Amazon Prime Series about Maradona: Hand, Foot, Heart, Belly of God – Media – Society

Football series and television viewers have known this at least since Manni, the Libero, have had a real casting problem. At the beginning of 1982, Tommi Ohrner, in the role of the fluffy ZDF national player, didn’t even know exactly with which part of the body you practice this sport.

39 years later, Pietro Castellitto slipped into Francesco Totti’s striker shoes so clumsily that Amazon Prime wisely showed the Roman superstar only hip-up when handling the ball. The portrayal of what is perhaps the greatest of all football legends gave rise to fear of foreign shame.

[„Maradona: Sueño bendito“, Amazon Prime, ab Freitag]

Diego Armando Maradona Franco, as is well known, hand, foot, heart, belly of God – played by amateurs? Not possible! Director Alejandro Aimetta thought, too, and cast the actor in his ten-part biopic not only because of similarity, but also because of his football talent. When we watch the fallen angel of Argentina rise into football heaven from a slum near Buenos Aires and burn his wings so much that he stayed there for all eternity last year, we see an actor who can really kick. It’s a shame that Juan Cruz can only mime the dribble king as a child – at least in terms of football aesthetics.

Four curly heads of different ages

Because in series dramaturgical terms, Diego Maradona is staged by four curly haired heads of different ages. And apart from the visible fact that only the youngest has a feel for the ball, the other three also make it extremely credible: Nicolás Goldschmidt played him as a teenager who made it from football field to superstar. Nazareno Casero as Twentysomething that takes it from superstar to national hero. Juan Palomino as a juvenile old man wrestling with the legacy of his grandeur. In constant change they interpret Maradona’s existence as creatively as possible and as plausibly as necessary in order to erect a fictional monument to him.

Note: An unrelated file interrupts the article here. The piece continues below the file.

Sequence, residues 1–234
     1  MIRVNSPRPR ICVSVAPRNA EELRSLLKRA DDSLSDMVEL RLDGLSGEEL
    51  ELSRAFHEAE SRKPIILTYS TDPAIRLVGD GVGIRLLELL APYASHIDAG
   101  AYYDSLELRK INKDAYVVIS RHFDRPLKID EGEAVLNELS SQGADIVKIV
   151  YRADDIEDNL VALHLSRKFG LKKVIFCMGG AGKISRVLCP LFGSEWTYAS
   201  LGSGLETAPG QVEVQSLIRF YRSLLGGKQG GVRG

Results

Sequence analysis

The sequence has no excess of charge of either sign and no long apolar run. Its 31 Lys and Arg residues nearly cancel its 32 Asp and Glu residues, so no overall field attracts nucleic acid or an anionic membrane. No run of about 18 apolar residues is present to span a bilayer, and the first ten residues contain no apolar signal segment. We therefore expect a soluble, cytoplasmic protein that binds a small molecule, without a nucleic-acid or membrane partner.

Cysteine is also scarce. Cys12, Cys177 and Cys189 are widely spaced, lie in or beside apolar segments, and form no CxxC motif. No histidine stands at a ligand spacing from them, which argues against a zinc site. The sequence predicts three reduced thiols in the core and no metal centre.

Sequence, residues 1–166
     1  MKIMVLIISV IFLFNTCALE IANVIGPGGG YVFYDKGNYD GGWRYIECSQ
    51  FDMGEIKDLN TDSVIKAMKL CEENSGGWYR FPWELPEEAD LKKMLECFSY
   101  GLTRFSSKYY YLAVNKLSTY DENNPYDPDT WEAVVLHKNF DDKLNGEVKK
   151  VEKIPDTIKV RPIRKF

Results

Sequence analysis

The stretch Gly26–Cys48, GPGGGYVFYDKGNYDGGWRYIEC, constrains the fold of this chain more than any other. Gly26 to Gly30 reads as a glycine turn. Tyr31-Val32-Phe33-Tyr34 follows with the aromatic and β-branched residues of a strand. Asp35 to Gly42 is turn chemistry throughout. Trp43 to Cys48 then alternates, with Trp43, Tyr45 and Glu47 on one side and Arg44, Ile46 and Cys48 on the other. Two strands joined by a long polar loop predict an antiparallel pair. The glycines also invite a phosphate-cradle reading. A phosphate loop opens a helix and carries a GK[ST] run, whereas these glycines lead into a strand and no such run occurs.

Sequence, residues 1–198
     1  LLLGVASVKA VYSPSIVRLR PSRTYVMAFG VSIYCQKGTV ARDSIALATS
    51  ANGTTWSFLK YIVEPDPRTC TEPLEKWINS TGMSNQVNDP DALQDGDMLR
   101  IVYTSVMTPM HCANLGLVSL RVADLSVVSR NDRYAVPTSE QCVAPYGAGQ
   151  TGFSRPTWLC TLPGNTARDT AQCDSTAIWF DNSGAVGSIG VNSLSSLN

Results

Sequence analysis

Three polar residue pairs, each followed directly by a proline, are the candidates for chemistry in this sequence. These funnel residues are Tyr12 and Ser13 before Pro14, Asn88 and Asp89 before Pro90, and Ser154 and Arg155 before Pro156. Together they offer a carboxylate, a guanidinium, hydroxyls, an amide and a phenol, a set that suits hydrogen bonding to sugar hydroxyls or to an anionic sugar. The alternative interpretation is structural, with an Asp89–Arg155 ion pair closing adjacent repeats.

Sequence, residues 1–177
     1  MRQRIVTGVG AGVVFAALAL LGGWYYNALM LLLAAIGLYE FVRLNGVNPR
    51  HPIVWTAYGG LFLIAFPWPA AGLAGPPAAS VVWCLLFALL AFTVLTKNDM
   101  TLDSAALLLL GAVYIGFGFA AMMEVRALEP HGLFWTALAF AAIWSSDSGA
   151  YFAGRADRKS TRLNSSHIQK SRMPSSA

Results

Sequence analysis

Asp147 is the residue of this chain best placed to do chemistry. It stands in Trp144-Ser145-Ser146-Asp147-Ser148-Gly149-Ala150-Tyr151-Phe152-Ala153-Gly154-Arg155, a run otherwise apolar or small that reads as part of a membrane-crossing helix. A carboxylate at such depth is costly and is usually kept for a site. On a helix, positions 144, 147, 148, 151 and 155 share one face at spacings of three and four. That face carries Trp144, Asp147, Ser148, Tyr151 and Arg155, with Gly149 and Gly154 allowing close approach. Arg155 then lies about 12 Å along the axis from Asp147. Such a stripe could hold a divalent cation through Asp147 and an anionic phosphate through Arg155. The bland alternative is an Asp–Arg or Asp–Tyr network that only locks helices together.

An all too human monument that was majestic and profane, divine and earthly, full of poop and radiant at the same time. The actual main actor of “Maradona: Sueño bendito” is therefore the original even in its absence, which is why there was hardly any need for the script drafts by Alejandro Aimetta with Guillermo Salmerón and Silvina Olschansky (“El Marginal”). Your story, as precisely as it describes the melodramatic diva-like quality, probably doesn’t even come close to the person in the limelight.

We owe all the more to the creators for not engaging in any hero cult, but for keeping an eye on the accompanying circumstances – private, but above all political. The secondary main roles at Maradona’s side therefore play neither Diego’s first (Laura Esquivel) and last (Julieta Cardinali) love Claudia nor his fatherly friend (Leonardo Sbaraglia) and later manager (Jean Pierre Noher) Guillermo Coppola; Apart from the career of the title character, the first third of the ten parts deal with Argentina’s military dictatorship, the second with early football capitalism and the third with how it itself destroys those who benefit from it.

As amusing as Amazon is making the poor mega-talent rise to become the first football multimillionaire, the milieu study only becomes relevant because the filth of his origins is permanently reflected in Maradona’s palace windows.

And the junta has demonstrating mothers beaten up

While little Diego is nibbling on fellow players on the dusty ghetto earth, mom washes his jersey in the tin trough. While General Videla asks the middle Diego for an audience, the henchmen of the barbaric dictator beat demonstrating mothers from the famous Plaza de Mayo. And while the great Diego moves from Barcelona to Naples for horrific transfer sums, old Diego is puffy and coked and struggles for bare survival.

If anyone were to just come up with these four lives for an entertaining portrait like this one – it would just seem too bizarre to most to be plausible. “Maradona: Sueño bendito”, however, in ten parts, manages to tell a fictional fairy tale of such bizarre realism that in the end no one knows what is truth or what is poetry. Whereby: Probably not even the big little Diego Armando Maradona knew that himself.


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